Ever since its inception, there has been one defining feature of the Chevrolet Corvette that has helped separate it from the competition. That feature is the all-fiberglass body, which made it a standout among the American automotive scene in the 1950s. By the time the second-generation Corvette rolled around though, the fiberglass body was a cornerstone of the Corvette, which makes this next story all the more odd.
Motor Authority reports that at this year’s Corvettes at Carlisle event, a very special and unique Corvette will be on hand. The steel-bodied Corvette Rondine (pronounced “Ron-di-nay”) will be on display at Carlisle, giving Corvette fans a rare look at a unique concept car.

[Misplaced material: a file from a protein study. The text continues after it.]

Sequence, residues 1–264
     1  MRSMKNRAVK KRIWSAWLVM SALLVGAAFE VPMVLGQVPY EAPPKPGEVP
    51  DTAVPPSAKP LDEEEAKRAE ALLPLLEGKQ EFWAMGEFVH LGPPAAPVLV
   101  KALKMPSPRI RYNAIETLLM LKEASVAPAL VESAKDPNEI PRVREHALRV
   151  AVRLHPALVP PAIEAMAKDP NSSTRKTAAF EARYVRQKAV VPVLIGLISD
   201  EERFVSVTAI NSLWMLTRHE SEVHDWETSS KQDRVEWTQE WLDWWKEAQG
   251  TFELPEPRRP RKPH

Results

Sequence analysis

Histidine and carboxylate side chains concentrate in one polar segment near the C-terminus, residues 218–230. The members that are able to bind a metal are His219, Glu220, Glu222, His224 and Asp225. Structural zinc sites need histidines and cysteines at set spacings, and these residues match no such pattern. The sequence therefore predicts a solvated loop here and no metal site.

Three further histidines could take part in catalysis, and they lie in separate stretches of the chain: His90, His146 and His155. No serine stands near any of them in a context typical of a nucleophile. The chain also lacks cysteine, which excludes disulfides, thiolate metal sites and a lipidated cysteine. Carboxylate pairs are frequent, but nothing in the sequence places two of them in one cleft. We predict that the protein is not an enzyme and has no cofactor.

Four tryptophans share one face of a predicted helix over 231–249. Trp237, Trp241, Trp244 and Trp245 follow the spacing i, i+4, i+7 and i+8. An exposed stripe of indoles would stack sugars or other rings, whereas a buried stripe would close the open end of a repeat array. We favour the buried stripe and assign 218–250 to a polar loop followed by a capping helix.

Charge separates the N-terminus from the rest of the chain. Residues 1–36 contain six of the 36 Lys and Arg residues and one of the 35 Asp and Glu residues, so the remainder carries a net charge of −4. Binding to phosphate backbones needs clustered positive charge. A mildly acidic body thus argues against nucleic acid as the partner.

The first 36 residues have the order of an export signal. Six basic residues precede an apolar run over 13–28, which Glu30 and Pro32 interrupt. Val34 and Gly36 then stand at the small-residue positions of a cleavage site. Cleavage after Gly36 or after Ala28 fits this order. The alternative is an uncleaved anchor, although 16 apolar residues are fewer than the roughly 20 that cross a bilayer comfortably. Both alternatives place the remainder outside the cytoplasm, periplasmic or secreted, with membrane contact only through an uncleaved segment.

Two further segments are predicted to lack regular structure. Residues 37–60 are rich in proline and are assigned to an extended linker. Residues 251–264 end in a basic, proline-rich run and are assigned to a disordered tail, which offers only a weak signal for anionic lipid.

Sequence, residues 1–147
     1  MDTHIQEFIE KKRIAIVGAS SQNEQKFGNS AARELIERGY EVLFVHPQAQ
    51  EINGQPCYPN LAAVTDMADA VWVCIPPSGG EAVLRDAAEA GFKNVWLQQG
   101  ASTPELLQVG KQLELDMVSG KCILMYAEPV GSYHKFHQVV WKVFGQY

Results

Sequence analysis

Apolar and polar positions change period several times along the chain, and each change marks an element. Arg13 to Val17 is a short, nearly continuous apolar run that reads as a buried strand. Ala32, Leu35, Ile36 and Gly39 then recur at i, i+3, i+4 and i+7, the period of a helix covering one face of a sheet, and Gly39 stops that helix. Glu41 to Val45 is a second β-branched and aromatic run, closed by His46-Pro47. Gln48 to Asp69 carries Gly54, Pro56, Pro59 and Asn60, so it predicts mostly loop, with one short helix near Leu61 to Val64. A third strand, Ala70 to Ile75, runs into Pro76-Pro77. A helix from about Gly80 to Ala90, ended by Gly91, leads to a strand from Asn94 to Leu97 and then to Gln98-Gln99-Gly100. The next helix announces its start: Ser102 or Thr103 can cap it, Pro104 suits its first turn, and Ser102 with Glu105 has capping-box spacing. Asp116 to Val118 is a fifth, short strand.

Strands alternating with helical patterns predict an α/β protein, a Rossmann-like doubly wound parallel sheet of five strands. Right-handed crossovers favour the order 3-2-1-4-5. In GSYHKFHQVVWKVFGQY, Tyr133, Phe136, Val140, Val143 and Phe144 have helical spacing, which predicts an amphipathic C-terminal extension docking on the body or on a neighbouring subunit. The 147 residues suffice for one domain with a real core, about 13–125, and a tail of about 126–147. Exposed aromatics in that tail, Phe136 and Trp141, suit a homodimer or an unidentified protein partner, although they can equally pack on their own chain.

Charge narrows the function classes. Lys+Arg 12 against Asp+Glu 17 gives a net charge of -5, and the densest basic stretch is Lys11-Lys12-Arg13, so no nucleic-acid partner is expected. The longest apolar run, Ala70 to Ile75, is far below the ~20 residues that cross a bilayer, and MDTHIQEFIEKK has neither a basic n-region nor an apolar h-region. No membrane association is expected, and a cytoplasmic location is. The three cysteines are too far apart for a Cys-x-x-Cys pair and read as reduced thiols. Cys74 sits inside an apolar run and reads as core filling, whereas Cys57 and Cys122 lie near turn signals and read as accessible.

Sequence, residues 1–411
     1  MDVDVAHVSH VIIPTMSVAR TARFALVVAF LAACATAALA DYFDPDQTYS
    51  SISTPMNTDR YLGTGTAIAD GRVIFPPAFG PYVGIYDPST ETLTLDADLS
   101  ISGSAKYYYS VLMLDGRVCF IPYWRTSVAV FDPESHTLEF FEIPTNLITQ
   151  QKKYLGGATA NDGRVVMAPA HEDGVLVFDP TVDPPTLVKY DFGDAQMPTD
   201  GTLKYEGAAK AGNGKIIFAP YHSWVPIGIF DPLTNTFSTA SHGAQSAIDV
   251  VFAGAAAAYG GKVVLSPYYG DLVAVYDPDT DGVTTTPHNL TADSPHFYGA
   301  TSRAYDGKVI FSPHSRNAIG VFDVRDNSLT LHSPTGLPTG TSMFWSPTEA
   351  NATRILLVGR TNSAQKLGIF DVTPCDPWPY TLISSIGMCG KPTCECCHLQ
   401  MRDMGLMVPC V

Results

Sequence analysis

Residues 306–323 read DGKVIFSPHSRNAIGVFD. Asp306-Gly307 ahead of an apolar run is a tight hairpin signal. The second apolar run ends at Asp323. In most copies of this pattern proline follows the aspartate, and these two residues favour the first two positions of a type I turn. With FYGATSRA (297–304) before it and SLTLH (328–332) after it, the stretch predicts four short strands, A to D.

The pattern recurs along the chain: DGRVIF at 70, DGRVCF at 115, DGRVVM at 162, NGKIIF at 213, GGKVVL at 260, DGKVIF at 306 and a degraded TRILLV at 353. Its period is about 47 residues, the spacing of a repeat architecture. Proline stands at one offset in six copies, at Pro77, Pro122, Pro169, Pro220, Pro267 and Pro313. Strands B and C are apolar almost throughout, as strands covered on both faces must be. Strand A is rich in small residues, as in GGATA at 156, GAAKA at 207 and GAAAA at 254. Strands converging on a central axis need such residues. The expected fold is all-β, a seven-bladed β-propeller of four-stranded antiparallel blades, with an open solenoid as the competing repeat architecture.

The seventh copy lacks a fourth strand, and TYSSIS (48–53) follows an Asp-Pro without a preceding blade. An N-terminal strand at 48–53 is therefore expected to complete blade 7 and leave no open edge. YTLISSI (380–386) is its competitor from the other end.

Built for the 1963 Paris Auto Show, the Corvette Rondine was actually assembled by coachbuilder Pininfarina on the then-new Corvette C2 chassis. The elegant lines and smooth-flowing design excited patrons at the Paris Auto Show, but this concept remained just that, and the steel body is the only one on a Corvette, concept or otherwise.
Looks-wise, it shares the Corvette’s basic shape, but little else. There are no flip-up headlights, no round tail lights, the whole thing is very “European,” and the design went on to influence other Italian cars.
The Corvette Rondine remained with Pininfarina until 2008, when it went to auction and sold for more than $1.75 million, the most ever paid for any Corvette. That is one pricey Corvette, and as such it is rarely seen in public. But it will be seen at the Corvettes at Carlisle event August 23 – 25. This may be your one and only chance to see a real steel Corvette, so don’t miss it!